From One Single Mother to Another
By Sandra P. Aldrich
Published by Revell
Occasionally, one of my married friends will ask what single parenting is like. Imagine a tightrope strung across a deep gorge. A single mother gingerly walks across the rope, trying to concentrate on the numerous balls she's juggling. Some have labels: "child care" or "work" or "debt" or "health." Perhaps even "rejection" and "custody battles" are included, but always she's worrying about keeping so many balls in the air at the same time.
On each side of the gorge run folks clamoring for her attention - children, parents, bosses, friends. Then one smooth-talking type gestures for her to step off the rope and join him. At places where the rope dips close to the ground on which he stands, it would be easy for her to drop all those balls and step onto his stony path. But the mother continues on, looking only at the responsibility coming down toward her hand at the moment, knowing that if she looks away, she can easily lose her balance.
One thing that will help her keep her balance, though, is the faith that she has strength beyond her understanding and the knowledge that she is making a difference in the lives of her children. I remember the day when my daughter, Holly, in the third grade at the time, came home from school in tears. One of the room mothers had handed out printed directions to a special event and said, "Take these home to your families."
Then she'd glanced at Holly, remembered that her dad had died just a few weeks before and stammered, "Oh, sorry. I mean 'take these home to your mothers.' "
In our kitchen, 8-year-old Holly sobbed, "I want to be a family again!" I put my arm around my little girl. "Holly, we are still a family. We're just a family of three now."
She leaned against me in relief. That was a turning point for both of us.
That incident, along with others, made me realize if we were going to survive as a family, we'd have to fight a few emotional battles along the way. And the only way my kiddos could develop their own strength was by watching me.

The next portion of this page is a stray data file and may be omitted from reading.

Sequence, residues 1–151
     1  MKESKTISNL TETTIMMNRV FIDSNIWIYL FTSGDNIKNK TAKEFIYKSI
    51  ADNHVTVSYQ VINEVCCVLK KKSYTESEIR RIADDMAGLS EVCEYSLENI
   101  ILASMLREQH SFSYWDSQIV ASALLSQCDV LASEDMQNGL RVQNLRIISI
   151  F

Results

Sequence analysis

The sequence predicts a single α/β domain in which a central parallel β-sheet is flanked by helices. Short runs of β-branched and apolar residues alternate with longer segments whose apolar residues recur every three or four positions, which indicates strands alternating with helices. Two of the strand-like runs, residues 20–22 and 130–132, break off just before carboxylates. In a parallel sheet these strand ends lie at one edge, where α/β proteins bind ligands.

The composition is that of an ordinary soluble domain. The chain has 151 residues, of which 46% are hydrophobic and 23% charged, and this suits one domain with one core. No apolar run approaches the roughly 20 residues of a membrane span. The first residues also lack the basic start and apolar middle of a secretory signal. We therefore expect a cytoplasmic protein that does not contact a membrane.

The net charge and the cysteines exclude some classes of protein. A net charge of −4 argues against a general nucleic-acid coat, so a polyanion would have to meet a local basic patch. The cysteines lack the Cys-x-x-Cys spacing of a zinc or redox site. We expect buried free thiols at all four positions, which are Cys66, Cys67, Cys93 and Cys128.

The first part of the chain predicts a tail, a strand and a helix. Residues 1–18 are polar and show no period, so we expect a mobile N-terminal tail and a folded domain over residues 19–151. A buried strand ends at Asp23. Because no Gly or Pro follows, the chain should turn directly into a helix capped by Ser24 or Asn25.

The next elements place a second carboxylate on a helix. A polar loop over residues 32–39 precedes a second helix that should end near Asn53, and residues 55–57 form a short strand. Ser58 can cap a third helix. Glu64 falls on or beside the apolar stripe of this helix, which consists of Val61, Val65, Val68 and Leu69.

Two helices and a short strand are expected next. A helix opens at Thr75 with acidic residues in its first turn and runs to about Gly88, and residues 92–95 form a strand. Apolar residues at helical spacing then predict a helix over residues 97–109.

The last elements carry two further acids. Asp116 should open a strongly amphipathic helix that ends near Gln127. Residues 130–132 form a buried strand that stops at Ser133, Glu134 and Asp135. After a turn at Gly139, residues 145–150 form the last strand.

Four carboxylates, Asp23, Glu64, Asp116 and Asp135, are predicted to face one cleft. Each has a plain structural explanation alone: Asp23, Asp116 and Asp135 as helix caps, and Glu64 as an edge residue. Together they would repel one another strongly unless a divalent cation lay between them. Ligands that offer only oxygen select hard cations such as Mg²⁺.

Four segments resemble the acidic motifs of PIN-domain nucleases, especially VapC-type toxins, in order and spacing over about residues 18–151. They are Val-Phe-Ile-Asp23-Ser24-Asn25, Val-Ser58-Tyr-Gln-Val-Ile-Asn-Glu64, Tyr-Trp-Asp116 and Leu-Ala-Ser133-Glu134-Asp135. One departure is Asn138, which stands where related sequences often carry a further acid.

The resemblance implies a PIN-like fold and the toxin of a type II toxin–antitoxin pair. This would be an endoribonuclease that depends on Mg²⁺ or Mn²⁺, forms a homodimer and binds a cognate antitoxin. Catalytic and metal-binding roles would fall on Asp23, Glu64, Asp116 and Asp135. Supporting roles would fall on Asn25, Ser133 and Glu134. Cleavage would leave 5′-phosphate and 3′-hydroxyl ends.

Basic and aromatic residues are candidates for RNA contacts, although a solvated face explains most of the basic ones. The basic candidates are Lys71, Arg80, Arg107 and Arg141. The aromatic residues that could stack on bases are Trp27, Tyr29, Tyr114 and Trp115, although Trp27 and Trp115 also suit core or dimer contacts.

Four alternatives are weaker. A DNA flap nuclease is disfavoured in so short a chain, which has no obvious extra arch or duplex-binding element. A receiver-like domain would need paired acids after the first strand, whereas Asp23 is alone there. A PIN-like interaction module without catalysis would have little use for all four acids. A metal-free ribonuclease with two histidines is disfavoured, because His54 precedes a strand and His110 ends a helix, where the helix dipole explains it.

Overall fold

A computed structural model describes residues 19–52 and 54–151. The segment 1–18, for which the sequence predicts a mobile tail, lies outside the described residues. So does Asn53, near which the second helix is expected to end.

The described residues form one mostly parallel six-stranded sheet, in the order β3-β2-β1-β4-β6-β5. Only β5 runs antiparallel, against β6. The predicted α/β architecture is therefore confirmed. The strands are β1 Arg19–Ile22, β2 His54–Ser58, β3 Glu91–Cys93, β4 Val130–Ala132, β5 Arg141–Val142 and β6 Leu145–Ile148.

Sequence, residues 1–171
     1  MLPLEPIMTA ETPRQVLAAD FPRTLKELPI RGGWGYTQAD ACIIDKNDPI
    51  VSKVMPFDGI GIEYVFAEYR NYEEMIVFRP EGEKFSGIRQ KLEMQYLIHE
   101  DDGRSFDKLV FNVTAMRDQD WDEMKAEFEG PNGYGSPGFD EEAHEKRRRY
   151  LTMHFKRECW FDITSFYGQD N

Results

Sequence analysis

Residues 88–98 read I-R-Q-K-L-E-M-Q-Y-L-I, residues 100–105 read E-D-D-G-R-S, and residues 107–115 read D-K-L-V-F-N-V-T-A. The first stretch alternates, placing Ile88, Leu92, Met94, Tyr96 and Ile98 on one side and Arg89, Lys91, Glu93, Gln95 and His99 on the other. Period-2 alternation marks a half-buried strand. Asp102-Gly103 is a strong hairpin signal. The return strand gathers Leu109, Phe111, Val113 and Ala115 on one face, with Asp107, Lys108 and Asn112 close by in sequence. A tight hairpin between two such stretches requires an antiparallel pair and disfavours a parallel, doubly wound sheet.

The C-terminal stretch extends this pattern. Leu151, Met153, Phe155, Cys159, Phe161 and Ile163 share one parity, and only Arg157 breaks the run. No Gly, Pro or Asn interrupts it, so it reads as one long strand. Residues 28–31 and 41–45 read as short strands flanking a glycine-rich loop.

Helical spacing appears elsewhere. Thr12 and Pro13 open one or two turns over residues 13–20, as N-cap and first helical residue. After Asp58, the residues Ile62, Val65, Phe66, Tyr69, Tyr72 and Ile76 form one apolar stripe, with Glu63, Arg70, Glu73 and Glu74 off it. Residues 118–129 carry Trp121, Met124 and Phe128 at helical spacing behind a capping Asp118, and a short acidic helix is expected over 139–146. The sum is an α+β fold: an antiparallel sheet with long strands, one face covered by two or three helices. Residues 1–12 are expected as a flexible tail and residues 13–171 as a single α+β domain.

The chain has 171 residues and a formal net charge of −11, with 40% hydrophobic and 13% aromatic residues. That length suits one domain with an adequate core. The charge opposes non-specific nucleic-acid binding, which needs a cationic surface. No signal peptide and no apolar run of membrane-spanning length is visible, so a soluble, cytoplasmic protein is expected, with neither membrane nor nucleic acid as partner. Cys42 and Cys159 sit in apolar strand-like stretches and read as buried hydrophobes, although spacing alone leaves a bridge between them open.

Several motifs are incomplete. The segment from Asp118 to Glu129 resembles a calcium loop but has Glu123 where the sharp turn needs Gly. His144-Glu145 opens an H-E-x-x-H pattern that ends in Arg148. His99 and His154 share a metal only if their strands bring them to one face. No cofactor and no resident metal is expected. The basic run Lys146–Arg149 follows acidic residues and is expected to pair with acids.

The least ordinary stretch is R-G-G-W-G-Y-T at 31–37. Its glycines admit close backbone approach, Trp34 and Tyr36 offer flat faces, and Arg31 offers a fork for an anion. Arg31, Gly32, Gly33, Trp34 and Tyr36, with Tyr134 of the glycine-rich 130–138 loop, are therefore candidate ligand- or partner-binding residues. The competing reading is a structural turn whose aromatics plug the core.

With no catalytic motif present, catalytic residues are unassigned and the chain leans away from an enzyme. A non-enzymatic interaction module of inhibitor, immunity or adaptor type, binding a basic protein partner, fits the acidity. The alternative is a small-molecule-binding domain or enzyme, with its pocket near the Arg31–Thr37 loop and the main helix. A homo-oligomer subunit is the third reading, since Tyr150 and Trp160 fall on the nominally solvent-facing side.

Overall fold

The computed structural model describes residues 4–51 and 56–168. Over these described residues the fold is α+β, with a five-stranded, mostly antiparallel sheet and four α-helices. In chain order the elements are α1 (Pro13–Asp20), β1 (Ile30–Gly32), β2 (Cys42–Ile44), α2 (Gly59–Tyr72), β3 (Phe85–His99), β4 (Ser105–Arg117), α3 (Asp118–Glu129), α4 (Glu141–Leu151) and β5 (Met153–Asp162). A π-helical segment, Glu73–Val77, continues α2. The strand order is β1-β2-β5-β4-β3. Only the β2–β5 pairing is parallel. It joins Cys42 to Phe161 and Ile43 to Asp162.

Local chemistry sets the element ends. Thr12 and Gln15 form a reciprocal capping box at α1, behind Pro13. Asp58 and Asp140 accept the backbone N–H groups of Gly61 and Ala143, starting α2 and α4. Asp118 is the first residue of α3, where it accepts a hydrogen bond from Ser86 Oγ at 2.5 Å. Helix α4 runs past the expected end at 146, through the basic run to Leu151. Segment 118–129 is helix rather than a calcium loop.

Oh, by the way, I need to get one of my pet peeves out of the way: people who constantly refer to single-parent families as "broken homes." Many of us feel that through God's help and a great deal of personal effort, our homes are healed, even if, as in my case, the healing didn't come overnight.
Excerpt: That's Some Proposal!
Like many young brides of a quarter century ago, I had gone from my father's authority to my husband's, and my relatives expected me to remarry quickly after Don's death. But as I pondered my future, I realized I had been Mitchell's daughter, Fred's girl, Don's wife, Jay's mother. . . . I wanted to find out who Sandra was. So I determined I would concentrate on my relationship with the Lord and take care of my young children for a full decade. What caused me to choose 10 years as my non-dating goal? Well, it fit my tithing belief, and since the women in my family usually live to be close to 100, I decided to tithe my very life span. Besides, at the end of 10 years, both children would be, I prayed, in college and well on their way to becoming solid citizens. I would have plenty of time to return to an active social life.
Once that decision was made, it freed me from the temptation of walking into a gathering and glancing around the room to see who was in attendance. I continued teaching for another year, took numerous Bible classes, then changed careers-and all because I was listening only to the Lord's instructions.
But even though I'd decided not to date, I still received - and declined - a most interesting marriage proposal.
As part of my study of the Bible lands, my pastor, Dr. Bartlett Hess, insisted I join the church tour of Israel and Egypt. During one of our free days in Cairo, I was enjoying shopping with Dr. Hess and Kevin, the photographer with whom I often worked. We entered a jewelry shop, and the two men proceeded to look for birthday gifts while I gratefully sat down on a bench near the window.
A cluster of assistants stood nearby, smiling. I foolishly gave them my best Kentucky smile in return and opened my notebook to check the next day's schedule. When I looked up, the assistants were still smiling - and nodding. I smiled and nodded back.
After a moment, the oldest one in the group walked over to me. He gestured toward Kevin. "Is he your man?"
What a weird question, I thought. But I wanted to be a good American diplomat, so I answered, "No."
Then the man gestured toward Dr. Hess. "Is he your man?" he asked.
"Well, where is your man?"
Bewildered, I stammered, "I'm a widow."
The man suddenly smiled, pulled his green shirt over his voluminous stomach and then thumped his chest.
"Ah!" he said. "I am allowed four wives."
"That's nice," I replied, not having a clue why he was telling me that but wanting to be polite.
"Yes," he continued. "And for my next wife, I want an American wife. I want you!"
Suddenly I decided I belonged to both Kevin and Dr. Hess. I closed my notebook and stood up, but my new suitor stood in my way.
As I sidestepped him, I squeaked, "Me? Why me?"
He smiled. "Because I want a wife who's pretty and very fat!"
American diplomacy was no longer on my mind in that moment! But I averted an international crisis by choosing to scurry out of his way.
Don't copy the behavior and customs of this world, but let God transform you into a new person by changing the way you think (Romans 12:2 NLT)